This summer, the residents of New York City learned that, at long last, the city would get its very own puppy café. In a world that looks more toxic and strange with each passing day, it was the rare bit of good news. Now, there is even better news: We are just weeks away from the moment we have been waiting for. The East Village’s Boris & Horton, on 12th Street and Avenue A, is slated to open in a matter of days, with a soft-launch in mid-January and plans to be fully up and barking by the end of the month.
The idea, explains Coppy Holzman, who owns the shop with his daughter, Logan Mikhly, is a place where you can “have great coffee, eat, have wine and beer, hang out, and” — the most crucial detail — “also bring your dog inside.” It is meant to be friendly and chill, like an exceedingly well-designed living room that also serves pastries. What it is not, it’s worth noting, is a canine version of the city’s Japanese-style cat cafés, which feature staffs of residential cats up for adoption. “We’re shooting for a different look and feel than the cat café,” Mikhly says. “We want it to feel as much as possible like your typical coffee shop, but you have the added benefit of hanging out with your dog.”
Named for the duo’s own dogs — Boris is Holzman’s soulful two-year-old pit bull mix; Horton, who has been with Mikhly since college, is a snaggle-toothed poodle-Chihuahua combo (no one’s totally sure) — Boris & Horton is a BYOD situation, an indoor place you can get a latte with your border collie, and perhaps meet your neighbors. “It’s not just a coffee shop where people sit there with headphones on their laptops,” Holzman says. They want to build a sense of community — and figure the pups will help: “Dogs sort of break the ice.” And so, the café is very intentionally located in the former Ost space near dog-hub Tompkins Square Park, and, sure, every design choice has been made with dogs in mind. There is a dog-centric shop and a puppy Instagram booth; the drinks will be stenciled with Boris or Horton’s face. And there will be dog-adoption events on weekends.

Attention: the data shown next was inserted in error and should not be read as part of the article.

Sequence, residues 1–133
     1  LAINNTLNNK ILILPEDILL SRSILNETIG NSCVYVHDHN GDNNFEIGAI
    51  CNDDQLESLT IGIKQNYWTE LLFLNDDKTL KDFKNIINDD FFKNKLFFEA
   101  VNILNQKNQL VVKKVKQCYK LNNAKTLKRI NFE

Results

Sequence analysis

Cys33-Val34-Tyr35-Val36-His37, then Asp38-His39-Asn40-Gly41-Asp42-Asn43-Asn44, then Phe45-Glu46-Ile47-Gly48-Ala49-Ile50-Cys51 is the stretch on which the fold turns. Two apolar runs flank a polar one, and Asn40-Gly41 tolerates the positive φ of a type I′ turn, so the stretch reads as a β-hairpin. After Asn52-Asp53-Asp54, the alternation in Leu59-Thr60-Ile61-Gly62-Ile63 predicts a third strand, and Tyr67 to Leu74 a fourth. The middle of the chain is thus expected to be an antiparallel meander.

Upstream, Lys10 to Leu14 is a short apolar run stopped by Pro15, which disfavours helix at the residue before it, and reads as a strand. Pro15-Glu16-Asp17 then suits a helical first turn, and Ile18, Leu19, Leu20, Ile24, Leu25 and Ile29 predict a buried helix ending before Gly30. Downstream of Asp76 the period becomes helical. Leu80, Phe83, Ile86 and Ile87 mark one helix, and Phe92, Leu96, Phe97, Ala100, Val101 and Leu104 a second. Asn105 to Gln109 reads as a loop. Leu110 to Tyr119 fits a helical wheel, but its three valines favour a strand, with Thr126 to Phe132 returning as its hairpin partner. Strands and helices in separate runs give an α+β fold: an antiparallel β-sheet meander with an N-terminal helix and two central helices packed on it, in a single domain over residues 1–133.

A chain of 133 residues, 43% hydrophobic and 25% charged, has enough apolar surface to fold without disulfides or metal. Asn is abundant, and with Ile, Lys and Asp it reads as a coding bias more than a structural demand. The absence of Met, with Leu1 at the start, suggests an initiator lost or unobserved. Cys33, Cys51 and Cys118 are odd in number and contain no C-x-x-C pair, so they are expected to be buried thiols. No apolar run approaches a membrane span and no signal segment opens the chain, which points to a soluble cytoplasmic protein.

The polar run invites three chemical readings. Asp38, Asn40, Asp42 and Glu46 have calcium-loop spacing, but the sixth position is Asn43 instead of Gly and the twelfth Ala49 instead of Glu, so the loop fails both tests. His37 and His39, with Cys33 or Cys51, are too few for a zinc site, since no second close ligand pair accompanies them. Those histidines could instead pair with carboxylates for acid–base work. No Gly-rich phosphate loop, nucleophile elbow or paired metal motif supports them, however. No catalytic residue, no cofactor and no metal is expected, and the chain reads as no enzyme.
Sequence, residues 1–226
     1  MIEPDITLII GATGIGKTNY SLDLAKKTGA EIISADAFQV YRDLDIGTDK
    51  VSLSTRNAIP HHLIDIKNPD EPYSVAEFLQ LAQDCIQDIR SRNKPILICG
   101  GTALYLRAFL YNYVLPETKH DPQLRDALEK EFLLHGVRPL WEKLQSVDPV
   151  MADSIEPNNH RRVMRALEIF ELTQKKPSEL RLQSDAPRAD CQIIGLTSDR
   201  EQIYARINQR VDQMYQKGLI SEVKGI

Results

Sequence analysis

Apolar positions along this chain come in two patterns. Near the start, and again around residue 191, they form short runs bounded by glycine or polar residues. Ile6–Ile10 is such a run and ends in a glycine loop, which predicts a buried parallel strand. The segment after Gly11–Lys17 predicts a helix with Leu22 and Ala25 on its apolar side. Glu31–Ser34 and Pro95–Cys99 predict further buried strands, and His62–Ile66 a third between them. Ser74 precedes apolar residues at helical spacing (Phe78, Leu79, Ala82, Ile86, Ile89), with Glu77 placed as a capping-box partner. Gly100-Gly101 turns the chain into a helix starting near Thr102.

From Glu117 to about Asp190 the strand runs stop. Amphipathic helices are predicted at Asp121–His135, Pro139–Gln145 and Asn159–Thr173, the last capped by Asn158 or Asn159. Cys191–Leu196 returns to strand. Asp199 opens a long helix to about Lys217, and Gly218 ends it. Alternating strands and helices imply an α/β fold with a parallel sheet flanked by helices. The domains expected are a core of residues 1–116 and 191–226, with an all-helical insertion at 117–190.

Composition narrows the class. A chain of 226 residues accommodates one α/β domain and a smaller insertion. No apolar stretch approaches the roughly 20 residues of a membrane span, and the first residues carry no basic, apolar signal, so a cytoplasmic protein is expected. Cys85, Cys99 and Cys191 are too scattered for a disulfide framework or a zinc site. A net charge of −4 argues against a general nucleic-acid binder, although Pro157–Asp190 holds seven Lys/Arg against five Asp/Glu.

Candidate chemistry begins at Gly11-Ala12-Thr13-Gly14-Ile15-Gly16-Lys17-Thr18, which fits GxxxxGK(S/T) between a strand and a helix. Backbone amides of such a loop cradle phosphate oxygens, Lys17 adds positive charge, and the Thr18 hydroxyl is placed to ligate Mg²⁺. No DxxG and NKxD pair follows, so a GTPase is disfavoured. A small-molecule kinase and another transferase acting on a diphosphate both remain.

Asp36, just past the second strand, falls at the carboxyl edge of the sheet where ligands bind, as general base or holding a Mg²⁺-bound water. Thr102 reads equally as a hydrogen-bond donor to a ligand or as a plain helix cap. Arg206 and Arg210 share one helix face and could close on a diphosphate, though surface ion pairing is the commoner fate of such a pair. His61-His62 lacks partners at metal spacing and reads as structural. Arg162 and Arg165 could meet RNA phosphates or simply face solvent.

For human patrons, there will be pastries from Balthazar and Bien Cuit, plus gluten-free options from Husk Bakeshop, and coffee from City of Saints, as well as a more substantial menu of toasts (sweet and savory), and, in the evening until the 11 p.m. closing time, wine and beer.
In a surprise to no one, it is difficult and expensive to build a space that is appropriate for both food service and retrievers. To that end, they started working closely with the Health Department from day one — “we met with them I don’t know how many times” Holzman says — to make sure they were building a space that would pass muster, because if your thing is that you’re a dog-friendly café, you need to be really, extremely positive that you have actual approval to allow dogs.
And so to stay on the right side of code, the space will be formally divided into two very distinct spaces: a café side, with food and drink sales, and a “dog side,” featuring tables and dog-focused retail. There will be an outdoor walk-up window for solo owners to order, so dogs themselves will never have to enter the café space, and if you want to doglessly buy a muffin on the café side and then cross through the vestibule to the dog side to eat it amid terriers, well, that’s up to you.
Needless to say, the Boris & Horton team expects dogs to keep it classy— “keep it classy” is in fact a house rule, governing “humping and mounting” — and staff members will be trained by the School for the Dogs to read canine body language and anticipate issues. It is important to know your customer.
Non-dog-owners, take heart; you can still be a part of the action: If you just want a good cup of coffee, Holzman says, they’re here for that, too. “We want to be a destination for wonderful food and beverages in addition to the dogs.” The dog sweaters are just a bonus.